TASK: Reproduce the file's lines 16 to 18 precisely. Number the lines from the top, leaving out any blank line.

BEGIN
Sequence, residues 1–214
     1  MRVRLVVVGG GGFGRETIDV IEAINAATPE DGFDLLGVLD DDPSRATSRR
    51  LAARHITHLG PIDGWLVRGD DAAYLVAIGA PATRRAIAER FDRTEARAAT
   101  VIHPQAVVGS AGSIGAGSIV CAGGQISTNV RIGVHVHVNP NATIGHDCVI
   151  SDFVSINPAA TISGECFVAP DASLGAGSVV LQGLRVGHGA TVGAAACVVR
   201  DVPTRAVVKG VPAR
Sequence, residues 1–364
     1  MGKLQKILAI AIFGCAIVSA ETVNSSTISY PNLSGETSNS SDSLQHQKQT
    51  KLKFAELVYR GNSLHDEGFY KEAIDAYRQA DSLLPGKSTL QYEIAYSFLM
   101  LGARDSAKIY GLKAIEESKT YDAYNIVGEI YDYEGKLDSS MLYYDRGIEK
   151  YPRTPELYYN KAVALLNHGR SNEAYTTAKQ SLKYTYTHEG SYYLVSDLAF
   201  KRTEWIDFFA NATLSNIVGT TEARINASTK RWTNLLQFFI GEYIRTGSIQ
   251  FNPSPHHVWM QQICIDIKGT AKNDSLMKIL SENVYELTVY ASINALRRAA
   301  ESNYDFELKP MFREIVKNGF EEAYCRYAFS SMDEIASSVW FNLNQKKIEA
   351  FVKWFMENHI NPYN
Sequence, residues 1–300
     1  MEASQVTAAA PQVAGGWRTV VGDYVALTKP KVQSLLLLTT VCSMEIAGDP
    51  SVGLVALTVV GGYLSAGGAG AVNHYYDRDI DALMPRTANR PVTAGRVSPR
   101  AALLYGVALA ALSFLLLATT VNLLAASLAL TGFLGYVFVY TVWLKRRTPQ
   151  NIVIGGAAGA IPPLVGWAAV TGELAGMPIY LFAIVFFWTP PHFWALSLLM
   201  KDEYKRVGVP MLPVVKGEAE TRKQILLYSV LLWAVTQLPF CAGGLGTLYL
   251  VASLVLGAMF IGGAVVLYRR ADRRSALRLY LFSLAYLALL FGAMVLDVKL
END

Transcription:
Sequence, residues 1–300
     1  MEASQVTAAA PQVAGGWRTV VGDYVALTKP KVQSLLLLTT VCSMEIAGDP
    51  SVGLVALTVV GGYLSAGGAG AVNHYYDRDI DALMPRTANR PVTAGRVSPR